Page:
The Choir Rock. One thing I noticed in this video which stirs up memories is the choir rocking from side to side in unison to the beat of the music. Sometimes a Choir Director gestures to the choir which direction to begin moving. At other times, some choir members may just begin moving to the music on their own. This takes me back to my days singing in the church and college gospel choirs during the 1970s and 1980s.

The Choir’s Attire. I knew this had to be a special occasion concert just by looking at the attire of the choir members with the ladies all dressed beautifully in various styles of  black dresses accessorized with a red flower, white beaded necklace and earrings, and the men dressed in black suits with white shirts and red ties. The red flowers and red ties are the accessories which make these various styles of dresses and suits look uniform.

The Soloist. Sister Queen works this song and I love it when she comes down into the church aisle. You can hear and feel the electricity in the audience as she walks down the aisle bellowing this great tune. As the music gets faster and the hand clapping gets louder, members of the congregation feel compelled to stand, which is a tradition in the black church when the music gets good. Oh, the church is ROCKING now! This is the point where my mind drifts back to Uncle Willie’s recollections of the church rocking during his youth as I sit in front of my computer singing, clapping and swaying from side to side in my chair enjoying this music and letting my mind travel down memory lane.

Wednesday, March 21, 2018

Happy 10th Blogiversary to Me!

I can't believe that ten years ago today, I created my "Find Your Folks" blog. In my first post, I defined the purpose of this blog. [click here to read first posting]. I don't blog as often as I used to, however this ten year milestone is a good time for me to re-evaluate my genealogy blog and to set new blogging goals.

Friday, February 2, 2018

Color Genealogy Filing System

Editor's Note:  This posting was originally posted on my blog on Sunday, February 15, 2009. Links to this blog posting were updated March 10, 2014, January 23, 2018, and February 2, 2018.

Genealogy is a hobby full of papers, electronic files, and heirlooms. The more documents we find on our family, the more the paper piles up. As a result, the excitement of finding information on our ancestors is overshadowed by the weight of piles of papers.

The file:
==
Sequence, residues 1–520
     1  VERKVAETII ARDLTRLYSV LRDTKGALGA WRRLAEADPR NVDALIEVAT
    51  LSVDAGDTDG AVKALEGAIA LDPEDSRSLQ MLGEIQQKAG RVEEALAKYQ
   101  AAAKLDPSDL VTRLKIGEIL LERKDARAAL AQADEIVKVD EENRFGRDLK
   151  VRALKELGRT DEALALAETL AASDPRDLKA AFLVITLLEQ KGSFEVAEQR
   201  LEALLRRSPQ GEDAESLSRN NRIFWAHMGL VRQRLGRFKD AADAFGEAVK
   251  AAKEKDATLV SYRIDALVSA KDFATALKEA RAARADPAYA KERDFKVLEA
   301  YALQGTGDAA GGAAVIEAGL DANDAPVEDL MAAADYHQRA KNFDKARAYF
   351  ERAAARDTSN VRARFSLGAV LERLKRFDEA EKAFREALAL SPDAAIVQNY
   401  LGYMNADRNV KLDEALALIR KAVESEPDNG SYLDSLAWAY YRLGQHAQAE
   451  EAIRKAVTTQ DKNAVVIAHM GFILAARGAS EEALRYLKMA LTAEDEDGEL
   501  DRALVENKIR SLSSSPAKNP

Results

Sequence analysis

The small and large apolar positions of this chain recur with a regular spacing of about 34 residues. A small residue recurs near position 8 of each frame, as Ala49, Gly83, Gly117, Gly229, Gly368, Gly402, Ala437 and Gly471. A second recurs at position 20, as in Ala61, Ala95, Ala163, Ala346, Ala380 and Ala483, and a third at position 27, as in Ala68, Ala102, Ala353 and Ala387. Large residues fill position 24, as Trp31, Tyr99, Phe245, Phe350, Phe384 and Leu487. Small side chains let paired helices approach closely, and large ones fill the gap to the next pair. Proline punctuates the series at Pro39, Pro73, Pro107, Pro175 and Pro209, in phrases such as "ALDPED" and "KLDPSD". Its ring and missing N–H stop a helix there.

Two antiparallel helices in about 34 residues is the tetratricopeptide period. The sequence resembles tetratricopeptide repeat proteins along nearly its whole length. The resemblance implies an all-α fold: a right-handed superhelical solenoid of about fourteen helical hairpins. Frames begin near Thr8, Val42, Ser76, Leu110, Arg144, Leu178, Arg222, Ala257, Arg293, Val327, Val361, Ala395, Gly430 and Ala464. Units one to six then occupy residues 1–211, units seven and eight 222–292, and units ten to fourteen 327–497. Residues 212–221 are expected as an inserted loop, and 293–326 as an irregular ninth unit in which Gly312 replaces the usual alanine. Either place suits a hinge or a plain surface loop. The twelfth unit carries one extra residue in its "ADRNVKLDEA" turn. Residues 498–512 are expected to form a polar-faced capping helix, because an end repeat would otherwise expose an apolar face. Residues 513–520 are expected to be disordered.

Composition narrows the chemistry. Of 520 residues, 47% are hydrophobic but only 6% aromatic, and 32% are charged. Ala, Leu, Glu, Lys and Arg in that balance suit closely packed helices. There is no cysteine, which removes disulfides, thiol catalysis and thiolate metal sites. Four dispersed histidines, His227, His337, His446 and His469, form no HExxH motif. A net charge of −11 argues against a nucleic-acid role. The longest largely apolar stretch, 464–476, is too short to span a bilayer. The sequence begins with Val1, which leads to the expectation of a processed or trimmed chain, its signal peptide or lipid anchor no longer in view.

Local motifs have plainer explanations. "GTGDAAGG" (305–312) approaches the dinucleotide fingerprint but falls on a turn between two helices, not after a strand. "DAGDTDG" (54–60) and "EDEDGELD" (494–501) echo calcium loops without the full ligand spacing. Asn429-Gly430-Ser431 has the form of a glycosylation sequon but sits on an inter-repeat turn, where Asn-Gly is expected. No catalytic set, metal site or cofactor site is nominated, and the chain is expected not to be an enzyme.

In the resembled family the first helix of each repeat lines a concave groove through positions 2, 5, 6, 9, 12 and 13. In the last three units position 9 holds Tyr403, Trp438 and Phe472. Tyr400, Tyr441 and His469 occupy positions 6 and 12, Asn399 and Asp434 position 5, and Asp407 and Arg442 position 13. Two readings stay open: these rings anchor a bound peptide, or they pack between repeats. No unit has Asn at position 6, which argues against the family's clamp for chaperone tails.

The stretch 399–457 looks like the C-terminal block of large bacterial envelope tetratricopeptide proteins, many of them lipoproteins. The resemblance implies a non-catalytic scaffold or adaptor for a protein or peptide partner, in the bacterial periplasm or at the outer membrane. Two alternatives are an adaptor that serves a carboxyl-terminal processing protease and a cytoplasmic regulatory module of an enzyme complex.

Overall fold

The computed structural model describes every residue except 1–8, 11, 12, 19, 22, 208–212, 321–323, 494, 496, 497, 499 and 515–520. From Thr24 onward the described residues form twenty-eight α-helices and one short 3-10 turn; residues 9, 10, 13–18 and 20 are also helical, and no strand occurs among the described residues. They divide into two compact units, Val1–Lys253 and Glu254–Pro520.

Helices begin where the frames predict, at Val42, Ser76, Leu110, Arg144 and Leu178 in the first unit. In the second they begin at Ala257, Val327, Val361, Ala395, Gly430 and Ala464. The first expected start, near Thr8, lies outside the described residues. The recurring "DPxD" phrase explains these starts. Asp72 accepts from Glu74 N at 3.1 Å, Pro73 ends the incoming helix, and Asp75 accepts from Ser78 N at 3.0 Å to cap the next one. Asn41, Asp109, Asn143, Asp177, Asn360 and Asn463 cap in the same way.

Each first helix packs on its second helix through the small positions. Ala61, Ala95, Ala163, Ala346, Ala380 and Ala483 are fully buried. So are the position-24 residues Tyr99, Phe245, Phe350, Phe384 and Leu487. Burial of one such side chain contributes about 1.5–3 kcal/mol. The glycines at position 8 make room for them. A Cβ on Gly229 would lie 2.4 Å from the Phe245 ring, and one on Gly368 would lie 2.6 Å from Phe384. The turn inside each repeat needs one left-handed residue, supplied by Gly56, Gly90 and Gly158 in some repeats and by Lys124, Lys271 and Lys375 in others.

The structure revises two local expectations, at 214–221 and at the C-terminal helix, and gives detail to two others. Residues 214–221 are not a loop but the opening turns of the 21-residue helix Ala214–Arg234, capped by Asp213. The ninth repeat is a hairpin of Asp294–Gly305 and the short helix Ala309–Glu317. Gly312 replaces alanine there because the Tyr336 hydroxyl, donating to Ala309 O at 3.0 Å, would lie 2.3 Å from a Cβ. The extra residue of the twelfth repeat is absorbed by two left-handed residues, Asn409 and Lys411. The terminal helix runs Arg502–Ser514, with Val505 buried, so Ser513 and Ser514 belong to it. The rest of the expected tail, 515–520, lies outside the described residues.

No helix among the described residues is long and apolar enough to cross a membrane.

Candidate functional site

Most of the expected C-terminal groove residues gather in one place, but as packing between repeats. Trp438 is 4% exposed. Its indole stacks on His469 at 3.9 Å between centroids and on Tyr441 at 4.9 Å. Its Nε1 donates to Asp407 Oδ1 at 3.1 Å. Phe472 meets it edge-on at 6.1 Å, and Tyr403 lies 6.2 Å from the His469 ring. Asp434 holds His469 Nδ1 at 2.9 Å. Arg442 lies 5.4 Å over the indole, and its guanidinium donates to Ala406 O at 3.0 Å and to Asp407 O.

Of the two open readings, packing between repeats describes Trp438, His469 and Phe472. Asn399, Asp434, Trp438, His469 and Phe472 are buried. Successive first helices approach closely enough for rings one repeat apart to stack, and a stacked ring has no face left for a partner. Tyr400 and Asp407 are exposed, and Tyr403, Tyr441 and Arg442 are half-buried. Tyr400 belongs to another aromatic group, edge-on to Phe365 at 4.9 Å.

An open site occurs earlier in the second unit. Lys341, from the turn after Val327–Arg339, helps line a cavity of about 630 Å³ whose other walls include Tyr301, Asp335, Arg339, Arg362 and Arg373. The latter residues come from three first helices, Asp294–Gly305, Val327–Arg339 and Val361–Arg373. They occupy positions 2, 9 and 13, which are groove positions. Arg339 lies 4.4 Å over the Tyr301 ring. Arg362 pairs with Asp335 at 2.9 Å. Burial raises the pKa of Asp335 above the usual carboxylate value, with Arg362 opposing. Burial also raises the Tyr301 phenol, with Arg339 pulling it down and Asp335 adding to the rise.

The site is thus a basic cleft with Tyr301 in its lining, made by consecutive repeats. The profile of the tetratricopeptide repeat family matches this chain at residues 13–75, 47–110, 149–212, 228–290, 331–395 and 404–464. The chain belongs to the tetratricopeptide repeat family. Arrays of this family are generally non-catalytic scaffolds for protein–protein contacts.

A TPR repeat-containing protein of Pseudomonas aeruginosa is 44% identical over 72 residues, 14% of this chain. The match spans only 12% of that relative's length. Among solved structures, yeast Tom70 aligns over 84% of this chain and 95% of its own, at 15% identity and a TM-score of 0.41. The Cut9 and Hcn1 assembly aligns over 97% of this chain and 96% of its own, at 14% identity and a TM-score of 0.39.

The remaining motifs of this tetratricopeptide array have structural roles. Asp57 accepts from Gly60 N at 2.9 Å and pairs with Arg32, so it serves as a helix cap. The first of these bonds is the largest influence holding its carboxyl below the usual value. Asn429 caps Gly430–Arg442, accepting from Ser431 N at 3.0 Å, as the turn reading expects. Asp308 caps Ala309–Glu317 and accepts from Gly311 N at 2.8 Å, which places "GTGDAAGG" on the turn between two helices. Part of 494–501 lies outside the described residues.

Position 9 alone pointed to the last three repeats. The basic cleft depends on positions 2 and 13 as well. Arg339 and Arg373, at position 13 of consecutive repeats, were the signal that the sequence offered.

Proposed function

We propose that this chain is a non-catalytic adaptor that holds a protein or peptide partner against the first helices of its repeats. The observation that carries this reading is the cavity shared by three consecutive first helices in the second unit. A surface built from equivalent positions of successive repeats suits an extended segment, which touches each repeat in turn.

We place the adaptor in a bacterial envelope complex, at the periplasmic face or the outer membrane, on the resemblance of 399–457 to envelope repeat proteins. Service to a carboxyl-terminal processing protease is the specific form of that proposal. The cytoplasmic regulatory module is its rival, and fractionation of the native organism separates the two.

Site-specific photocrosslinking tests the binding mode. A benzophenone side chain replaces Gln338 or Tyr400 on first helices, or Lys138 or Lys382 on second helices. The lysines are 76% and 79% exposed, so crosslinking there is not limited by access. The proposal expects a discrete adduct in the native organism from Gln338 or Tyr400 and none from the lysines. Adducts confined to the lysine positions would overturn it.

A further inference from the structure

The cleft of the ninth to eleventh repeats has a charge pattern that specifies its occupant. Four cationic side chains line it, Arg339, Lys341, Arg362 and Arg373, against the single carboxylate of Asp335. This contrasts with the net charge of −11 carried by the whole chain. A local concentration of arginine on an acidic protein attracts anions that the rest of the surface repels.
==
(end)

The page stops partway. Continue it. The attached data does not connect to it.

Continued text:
Since beginning this hobby in 1994, I have tried various filing methods such as notebooks and an ancestral number filing system. However, none of these methods have worked effectively for me. Many new genealogist use a notebook to organize their paper documents. I used a notebook also when I began this hobby in 1994. However, after accumulating many documents, a notebook did not work for me. A few years ago, I discovered the Family Roots Organizer Video in my local public library. Later, I purchased my own copy of the video which I watch periodically.

The foundation of this filing system for genealogy papers is based on a color-coding system for the pedigree line. This method recommends using one of four colors for each of your four grandparents.

  • BLUE: Paternal Grandfather
  • GREEN: Paternal Grandmother
  • RED: Maternal Grandfather
  • YELLOW: Maternal Grandmother

  • I modified this filing system to suit my needs. I’m not sure why I didn’t use the exact colors for each grandparent that were suggested, however, the four-color method still works no matter what colors are used for each grandparent. I also choose to use color file folders for both ancestors and collateral family and green hanging folders for all families. I use highlighters on the hanging file folder tabs for each surname. I choose the following colors for each of my grandparents.

  • Minor: Maternal Grandfather (green)
  • Emma: Maternal Grandmother (red)
  • Mack: Paternal Grandfather (blue)
  • Hattie: Paternal Grandmother (yellow)

  • Red, Green, Yellow, and Blue colored file folders are included in the spring colors of an assorted box of folders. Orange is also included in the spring colors and I adopted this color for my growing collection of DNA related files. The fall colors of an assorted box of file folders includes Grey, Maroon, Royal, Teal, and Purple. From this box, I have chosen Purple folder for my files related to white families in my research who are either slave owners, suspected slave owners, or some other relations to my family such as employer, landlord, or neighbor. I use the remaining colors for personal files such as bills and other financial related files.

    Since using this color system for my ancestral files, I can now immediately indentify from a distance the category or grandparent to which each file belongs. By the way, this color filing system can also be used with notebooks, instead of file folders. Some genealogists use white notebooks and place a specific color cover and strip in spine for easy identification.

    For more information, visit the websites below: